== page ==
What if my employer doesn't provide the Designated Provider List?

If your employer doesn't provide you with any list of authorized physicians to obtain medical treatment from, you may select an authorized treating physician on your own. The claim you file with the DOWC will initiate the compensation process with the insurer once you file it.

The agency will contact your employer's insurer with a letter asking whether they will admit liability and pay your benefits or not... the insurer has 20 business days from receipt of the form to reply.

Other Employer Responsibilities

After receiving your notification of injury and providing you with a list of authorized physicians, they must next report the incident to their insurer (or the DOWC if self-insured) within 10 business days of your initial report. From there, the workers' comp insurer has 20 business days to admit or deny the claim.

If they fail to do this, the claim you file with the Colorado's Division of Workers' Compensation (DOWC) will initiate the workers' comp process.

And if your injury causes you to miss three or more shifts of work, your employer must also file a report with the DOWC.

I've heard filing a claim with the DOWC is not required but you're saying it essentially is. What's the deal?

There's often confusion as to whether an injured worker has to file anything with the Colorado workers' compensation agency if their employer follows the procedures they're supposed to. In short, you need to file a report of your injury with the DOWC to ensure you receive all of the benefits you need to treat your injuries and compensate you for lost wages.

The statute of limitations for a workers' compensation claim – or the maximum time after an event that legal action can be initiated – is two years in most cases. The only way for this to NOT apply to you is to file a claim with the DOWC.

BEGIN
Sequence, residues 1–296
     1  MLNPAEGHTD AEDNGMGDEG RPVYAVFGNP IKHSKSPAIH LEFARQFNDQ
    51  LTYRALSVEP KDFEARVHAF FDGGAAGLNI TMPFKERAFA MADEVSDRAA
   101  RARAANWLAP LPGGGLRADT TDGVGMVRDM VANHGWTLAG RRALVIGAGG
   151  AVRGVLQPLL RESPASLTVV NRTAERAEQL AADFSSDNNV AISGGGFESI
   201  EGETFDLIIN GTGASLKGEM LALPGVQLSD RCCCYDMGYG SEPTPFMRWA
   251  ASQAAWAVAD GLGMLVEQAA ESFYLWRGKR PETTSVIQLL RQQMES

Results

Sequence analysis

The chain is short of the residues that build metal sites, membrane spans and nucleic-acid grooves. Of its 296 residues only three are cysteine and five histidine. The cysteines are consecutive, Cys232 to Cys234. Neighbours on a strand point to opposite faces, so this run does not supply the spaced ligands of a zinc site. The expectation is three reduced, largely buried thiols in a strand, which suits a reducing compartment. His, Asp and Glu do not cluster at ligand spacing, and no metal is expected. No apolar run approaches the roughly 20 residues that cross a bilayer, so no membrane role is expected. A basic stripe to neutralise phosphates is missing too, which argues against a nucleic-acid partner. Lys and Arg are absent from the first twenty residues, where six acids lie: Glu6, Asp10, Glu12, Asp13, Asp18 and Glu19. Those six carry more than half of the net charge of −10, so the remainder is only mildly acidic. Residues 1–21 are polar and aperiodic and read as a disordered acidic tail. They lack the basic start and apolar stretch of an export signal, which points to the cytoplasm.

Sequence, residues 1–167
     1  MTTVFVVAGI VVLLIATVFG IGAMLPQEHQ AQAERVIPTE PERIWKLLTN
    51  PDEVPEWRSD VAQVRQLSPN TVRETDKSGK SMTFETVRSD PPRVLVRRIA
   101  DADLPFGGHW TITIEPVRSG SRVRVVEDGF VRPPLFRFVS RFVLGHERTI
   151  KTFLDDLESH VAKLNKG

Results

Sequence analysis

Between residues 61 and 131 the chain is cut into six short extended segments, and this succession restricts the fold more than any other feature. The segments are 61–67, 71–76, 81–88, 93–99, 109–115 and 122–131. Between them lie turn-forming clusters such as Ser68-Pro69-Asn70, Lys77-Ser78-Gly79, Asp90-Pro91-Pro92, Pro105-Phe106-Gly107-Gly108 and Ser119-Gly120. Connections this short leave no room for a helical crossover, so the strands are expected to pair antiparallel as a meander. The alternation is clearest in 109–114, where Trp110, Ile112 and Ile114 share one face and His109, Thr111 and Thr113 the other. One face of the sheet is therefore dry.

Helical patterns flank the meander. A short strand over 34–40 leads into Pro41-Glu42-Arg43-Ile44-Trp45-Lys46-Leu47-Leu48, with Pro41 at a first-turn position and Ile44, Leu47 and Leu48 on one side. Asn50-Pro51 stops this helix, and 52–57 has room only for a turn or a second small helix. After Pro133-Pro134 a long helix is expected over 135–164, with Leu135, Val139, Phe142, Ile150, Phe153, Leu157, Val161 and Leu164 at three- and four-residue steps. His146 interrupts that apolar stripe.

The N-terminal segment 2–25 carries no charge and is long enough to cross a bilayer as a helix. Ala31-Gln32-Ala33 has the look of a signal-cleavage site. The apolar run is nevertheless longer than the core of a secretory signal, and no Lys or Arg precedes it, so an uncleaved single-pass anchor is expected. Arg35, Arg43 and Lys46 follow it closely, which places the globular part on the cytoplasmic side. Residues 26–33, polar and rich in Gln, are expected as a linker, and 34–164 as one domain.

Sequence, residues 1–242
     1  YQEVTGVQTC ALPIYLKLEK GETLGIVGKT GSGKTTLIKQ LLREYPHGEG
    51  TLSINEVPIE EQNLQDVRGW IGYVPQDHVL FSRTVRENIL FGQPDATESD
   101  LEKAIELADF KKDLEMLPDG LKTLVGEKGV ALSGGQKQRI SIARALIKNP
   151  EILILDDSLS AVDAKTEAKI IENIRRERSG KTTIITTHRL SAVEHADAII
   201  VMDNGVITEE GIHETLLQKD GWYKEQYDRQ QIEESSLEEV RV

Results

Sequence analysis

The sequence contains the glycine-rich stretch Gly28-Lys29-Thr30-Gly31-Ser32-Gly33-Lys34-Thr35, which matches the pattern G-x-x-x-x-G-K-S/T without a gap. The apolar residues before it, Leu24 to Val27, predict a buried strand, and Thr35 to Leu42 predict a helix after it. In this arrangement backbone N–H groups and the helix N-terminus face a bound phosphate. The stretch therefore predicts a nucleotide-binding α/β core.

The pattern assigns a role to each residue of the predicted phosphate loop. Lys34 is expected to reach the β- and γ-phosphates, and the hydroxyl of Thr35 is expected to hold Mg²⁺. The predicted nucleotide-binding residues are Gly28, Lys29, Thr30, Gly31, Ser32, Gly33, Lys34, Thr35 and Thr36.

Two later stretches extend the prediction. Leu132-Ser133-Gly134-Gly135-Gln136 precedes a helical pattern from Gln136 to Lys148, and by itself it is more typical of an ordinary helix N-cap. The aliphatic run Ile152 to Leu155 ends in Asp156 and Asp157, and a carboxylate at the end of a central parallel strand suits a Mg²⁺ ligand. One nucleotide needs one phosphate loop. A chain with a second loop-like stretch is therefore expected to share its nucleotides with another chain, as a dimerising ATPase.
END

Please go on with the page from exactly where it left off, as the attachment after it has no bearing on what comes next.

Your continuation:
Even if your employer follows all of the procedures they're supposed to, your case can be closed on the two-year anniversary if your treatment lasts longer than two years (or 3 in other cases). This issue gets awfully confusing for injured workers who do not obtain legal representation... if your treatment only lasts a year or so, then no problem.

But considering that it's difficult to predict how long your treatment will last, it's in your best interest to be ahead of the curve and file the claim with the DOWC. Doing so will ensure you will receive benefits for as long as you need them.

What if my injury occurred over a period of time and not as a result of a specific event?

Injuries like carpal tunnel or thoracic outlet syndrome occur over a period of time rather than from a specific event. If performing your job causes a chronic ailment that prevents you from fully performing your job, you have an occupational disease.

If you have a condition like carpal tunnel syndrome or some other occupational disease, you are entitled to the same benefits as someone who is injured from a specific accident.

Unlike injuries where the time for reporting or filing a claim begins at the date of the accident, occupational diseases begin when you knew or should have known you had a medical condition caused by your employment.

Therefore, once you know you have an occupational disease that was caused by your job, report it to your employer so you can obtain treatment. Beyond that, the workers' compensation process pretty much works like it's detailed above.

Next Chapter: Bad Faith Lawsuits